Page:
Moments before being shot dead with his own gun on Wednesday night, prison officer Robert Seecharan was seen beating, kicking and dragging three females outside a convenience store along the Penal
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More enlightened anti-gang action needed
Tuesday, November 27, 2012
A leading Caribbean criminologist is arguing that while there are challenges linked to “groupings of young delinquents” anti-gang legislation ought to make a distinction between organised crime and youth gangs while recognising a variety of other social realities.
University of the West Indies (UWI) Mona expert, Professor Anthony Harriott, said in an interview with Trinidad Guardian “in many territories, anti-gang legislation is required and justified to deal, in particular, with a type of gang that we call organised crime … at the higher end of things involving drug trafficking (and) extortion rackets.”
However, he added, “if we are not careful in how we formulate anti-gang legislation then we can end up subjecting … groups of pickpocket (and) groupings of young delinquents.” “What anti-gang legislation does is provide for enhanced sentencing,” Harriot said. “If some of these delinquent young people are caught up in that, then we may just unnecessarily make criminals out of them … that are the major risk.”
His advice is for “separate pieces of legislation” for youth gangs and for those involved in “higher-end” organised crime. Harriott was chief author of the United Nations Development Programme’s (UNDP’s) Caribbean Human Development Report (CHDR 2012) released earlier this year.
A 2010 survey informing the Report found that community cohesion was “generally lower” where street gangs existed. This led researchers, such as Harriott, to propose that “community cohesion and informal social control might be important factors in understanding the causes of street gang formation in the Caribbean.”
Yet, in some communities, gangs are credited by some as contributing to a reduction in crime by being local enforcers and even first responders to reports of crime. One community leader is quoted as responding that “gangs are the first ones to respond to crime; the police are incompetent, they take too long and never finish the work.”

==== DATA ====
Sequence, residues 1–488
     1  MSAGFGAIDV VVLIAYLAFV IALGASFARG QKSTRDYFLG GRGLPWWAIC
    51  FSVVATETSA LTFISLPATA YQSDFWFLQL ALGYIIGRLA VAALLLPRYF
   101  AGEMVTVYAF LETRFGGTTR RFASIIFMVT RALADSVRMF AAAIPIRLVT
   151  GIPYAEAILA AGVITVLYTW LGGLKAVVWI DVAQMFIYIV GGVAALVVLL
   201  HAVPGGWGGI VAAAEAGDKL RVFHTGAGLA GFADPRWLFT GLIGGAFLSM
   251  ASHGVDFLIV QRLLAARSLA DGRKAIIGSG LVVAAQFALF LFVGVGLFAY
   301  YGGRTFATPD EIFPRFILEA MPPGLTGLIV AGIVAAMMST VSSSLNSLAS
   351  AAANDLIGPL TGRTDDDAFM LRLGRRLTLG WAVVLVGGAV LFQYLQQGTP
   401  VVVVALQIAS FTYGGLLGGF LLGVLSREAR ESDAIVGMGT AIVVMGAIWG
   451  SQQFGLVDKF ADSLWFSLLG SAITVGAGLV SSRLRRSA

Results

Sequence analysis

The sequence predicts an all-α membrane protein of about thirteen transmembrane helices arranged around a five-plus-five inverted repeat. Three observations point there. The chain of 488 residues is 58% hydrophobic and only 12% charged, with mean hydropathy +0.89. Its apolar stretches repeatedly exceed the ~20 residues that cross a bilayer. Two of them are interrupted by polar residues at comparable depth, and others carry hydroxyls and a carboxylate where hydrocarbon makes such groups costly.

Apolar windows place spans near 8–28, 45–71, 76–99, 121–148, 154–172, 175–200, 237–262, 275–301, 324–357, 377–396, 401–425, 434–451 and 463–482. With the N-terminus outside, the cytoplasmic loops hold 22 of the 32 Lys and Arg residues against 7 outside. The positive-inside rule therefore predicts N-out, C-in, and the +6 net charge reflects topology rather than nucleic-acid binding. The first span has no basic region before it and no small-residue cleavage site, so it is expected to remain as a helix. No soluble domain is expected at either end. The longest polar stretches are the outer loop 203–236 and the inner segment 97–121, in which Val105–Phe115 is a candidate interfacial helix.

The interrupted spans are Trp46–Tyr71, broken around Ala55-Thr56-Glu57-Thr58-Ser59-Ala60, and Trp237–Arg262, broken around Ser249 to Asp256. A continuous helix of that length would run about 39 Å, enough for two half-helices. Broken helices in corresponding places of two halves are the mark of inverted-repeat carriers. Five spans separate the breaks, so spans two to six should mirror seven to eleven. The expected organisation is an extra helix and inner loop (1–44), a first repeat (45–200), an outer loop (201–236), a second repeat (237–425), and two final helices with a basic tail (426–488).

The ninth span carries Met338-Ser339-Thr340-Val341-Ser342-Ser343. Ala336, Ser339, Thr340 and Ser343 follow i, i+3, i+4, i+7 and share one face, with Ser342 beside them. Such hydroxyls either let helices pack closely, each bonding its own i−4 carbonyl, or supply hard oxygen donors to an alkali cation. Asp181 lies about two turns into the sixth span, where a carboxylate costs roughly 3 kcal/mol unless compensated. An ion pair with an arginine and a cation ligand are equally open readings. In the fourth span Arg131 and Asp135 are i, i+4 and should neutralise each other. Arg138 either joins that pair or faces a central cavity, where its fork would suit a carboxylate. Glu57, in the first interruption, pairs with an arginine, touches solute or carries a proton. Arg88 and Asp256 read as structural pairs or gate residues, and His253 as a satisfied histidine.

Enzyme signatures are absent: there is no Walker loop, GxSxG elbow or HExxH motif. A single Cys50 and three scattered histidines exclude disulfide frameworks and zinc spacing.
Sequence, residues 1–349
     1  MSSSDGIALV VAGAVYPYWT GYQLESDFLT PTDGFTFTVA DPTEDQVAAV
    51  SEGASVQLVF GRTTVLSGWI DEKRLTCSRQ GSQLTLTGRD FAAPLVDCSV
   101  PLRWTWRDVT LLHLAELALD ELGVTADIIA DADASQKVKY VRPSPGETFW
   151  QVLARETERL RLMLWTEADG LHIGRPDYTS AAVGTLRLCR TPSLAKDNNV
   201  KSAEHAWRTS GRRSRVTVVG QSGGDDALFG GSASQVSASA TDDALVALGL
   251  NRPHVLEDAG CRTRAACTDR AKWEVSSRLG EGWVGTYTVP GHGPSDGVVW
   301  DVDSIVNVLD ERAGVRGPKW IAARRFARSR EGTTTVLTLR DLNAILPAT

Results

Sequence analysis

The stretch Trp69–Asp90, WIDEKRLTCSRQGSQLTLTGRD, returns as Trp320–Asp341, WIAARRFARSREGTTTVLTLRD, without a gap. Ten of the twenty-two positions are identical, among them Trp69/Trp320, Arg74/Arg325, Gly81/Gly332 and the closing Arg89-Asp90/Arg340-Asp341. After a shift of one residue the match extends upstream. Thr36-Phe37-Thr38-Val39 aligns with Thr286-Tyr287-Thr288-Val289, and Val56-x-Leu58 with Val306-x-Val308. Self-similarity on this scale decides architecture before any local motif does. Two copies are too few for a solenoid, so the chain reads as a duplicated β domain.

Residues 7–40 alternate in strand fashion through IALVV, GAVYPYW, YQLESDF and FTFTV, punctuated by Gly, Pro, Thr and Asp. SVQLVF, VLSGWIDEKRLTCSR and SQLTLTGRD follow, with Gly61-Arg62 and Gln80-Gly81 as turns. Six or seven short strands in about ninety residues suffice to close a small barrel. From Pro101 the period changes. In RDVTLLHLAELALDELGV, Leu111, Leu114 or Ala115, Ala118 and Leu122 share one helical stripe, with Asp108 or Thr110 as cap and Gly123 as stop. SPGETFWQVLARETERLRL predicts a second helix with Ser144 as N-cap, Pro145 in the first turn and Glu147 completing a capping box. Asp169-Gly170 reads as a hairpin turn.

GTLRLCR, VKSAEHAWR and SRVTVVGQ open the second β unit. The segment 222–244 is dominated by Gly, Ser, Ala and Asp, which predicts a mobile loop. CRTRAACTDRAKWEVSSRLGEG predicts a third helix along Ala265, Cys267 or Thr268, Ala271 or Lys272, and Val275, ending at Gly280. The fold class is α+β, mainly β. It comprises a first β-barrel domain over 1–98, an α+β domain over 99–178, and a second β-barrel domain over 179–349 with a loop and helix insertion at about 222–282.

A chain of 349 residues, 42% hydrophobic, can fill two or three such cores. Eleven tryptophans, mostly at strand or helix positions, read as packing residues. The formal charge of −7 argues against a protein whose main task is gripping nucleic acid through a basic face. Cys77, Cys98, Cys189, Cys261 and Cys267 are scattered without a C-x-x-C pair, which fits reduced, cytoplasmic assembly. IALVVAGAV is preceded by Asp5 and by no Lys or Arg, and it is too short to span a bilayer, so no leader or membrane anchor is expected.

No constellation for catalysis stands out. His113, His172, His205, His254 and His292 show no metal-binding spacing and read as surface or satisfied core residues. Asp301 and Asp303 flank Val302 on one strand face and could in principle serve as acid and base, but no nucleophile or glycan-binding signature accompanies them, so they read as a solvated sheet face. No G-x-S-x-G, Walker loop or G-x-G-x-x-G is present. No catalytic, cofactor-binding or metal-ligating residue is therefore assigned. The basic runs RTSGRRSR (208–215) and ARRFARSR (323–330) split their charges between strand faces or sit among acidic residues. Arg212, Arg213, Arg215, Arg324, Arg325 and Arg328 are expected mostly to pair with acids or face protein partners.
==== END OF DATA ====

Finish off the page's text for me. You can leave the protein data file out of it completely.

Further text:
Another respondent to the region-wide survey said “if you live in a community where there is gang cohesion you are more safe because they … provide safety, create jobs . . . give people food, give mother’s milk for their babies.”
Harriott has noted that, as a consequence, leaders of street gangs and organised crime groups have served as role models and mentors in some communities, which necessarily perpetuates a culture that places additional value on these criminal organisations and their positive role in communities.”
The CHDR 2012 suggests that street gangs emerge out of “high levels of youth employment, poor or inadequate educational opportunities, social exclusion, exposure to and experience of violence at home, in school, in communities and the wider society, and insufficient attention to youth development and empowerment.”
However, the report says organised crime “constitutes a different and serious problem.” It says this is so since it achieves its objectives “by exercising violence in connection with an enterprise activity, be it gun, or human trafficking, and extortion.”
Among the strategies identified for addressing the issue are the development of “exit opportunities” for gang members, establishment of street gang and organised crime surveillance systems and documenting of regional best practice models.
Michelle Gyles-McDonnough, UN Resident Co-ordinator for Barbados and the Organisation of Eastern Caribbean States (OECS) told regional journalists during a recent media workshop the situation can be addressed if consideration is given to instilling higher levels of confidence in state institutions.
She said the CHDR 2012 showed that “citizens are optimistic about a future free from violence and insecurity” but require harder work “at ensuring that democratic institutions, from legislatures through to local authorities, are transparent and accountable.”
Gyles-McDonnough said such institutions also need to “demonstrate skills and capacities to deliver credible services to the public, building on public perception that the police force is still seen as trusted to protect and provide safe streets and communities, and that the judiciary, even though there are areas of concern, is capable to enforce the rule of law.”